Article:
When you book, how you book and when you plan to travel matters more than ever.
ATLANTA — Traveling this year for Memorial Day weekend obviously ran into challenges.
Thousands of flights were cancelled, airports were packed, delays forced people to rush through airports to avoid missing a flight and further encroaching on their trip. According to flight tracking website FlightAware, nearly 5,000 flights were canceled between Friday and Sunday.
Staffing issues have prompted airlines to cancel flights. Those same staffing issues could persist well into the summer, with the Transportation Bureau reporting that the airline industry is still down about 7,000 employees from February 2020.
It may not be a problem that will be solved quickly, but there are always lessons to be learned.
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First, industry experts say to book now if people plan to travel from June to September. Jet fuel prices can drive up the cost of tickets as summer winds down, and flights should be booked weeks in advance.
Second, avoid flying on July 1 if you can. Fridays are notoriously more expensive and busier than normal days. This year, the price of a ticket on July 1 falls on a Friday and is expected to be 25% higher than the rest of the summer due to the July 4 holiday.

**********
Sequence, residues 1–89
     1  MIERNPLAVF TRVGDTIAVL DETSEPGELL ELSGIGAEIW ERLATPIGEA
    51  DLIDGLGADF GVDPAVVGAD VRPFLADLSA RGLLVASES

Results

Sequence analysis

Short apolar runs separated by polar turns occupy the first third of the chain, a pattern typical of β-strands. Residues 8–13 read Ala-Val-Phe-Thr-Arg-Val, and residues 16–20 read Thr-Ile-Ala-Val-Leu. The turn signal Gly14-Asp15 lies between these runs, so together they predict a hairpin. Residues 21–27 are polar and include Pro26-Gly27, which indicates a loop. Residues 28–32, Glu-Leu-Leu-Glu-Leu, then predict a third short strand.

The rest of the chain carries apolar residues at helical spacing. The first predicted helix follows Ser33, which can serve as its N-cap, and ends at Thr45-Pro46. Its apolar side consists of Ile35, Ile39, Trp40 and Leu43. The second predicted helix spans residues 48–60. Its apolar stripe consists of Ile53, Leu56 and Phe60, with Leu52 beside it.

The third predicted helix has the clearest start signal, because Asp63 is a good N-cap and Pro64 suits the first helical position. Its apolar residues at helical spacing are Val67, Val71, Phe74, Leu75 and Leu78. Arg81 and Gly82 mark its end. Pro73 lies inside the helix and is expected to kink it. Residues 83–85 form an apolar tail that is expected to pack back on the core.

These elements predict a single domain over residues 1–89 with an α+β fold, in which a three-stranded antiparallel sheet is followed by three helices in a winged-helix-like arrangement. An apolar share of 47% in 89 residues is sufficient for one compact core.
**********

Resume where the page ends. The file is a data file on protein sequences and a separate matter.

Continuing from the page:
Third, consider August and even September. Currently, August is the cheapest summer month to fly. For those who want to push travel dates a bit further, September flights are even better.
Fourth, book through the airline. As seen on Memorial Day, flights can be canceled at the last minute. But, by booking through the airline, travelers are protected by the US Department of Transportation.
If you book a flight and cancel it within 24 hours, you are also entitled to a full refund. Additionally, if an airline cancels a traveler’s flight and decides not to travel, the buyer is entitled to a full refund. For those with a non-refundable ticket who experience a cancellation, you can obtain a travel credit or voucher (although it depends on the airline for non-refundable tickets.) However, the DOT states that airlines must deliver on the promises they make to customers.
If an airline refuses to refund you, you can file a complaint online through the DOT website.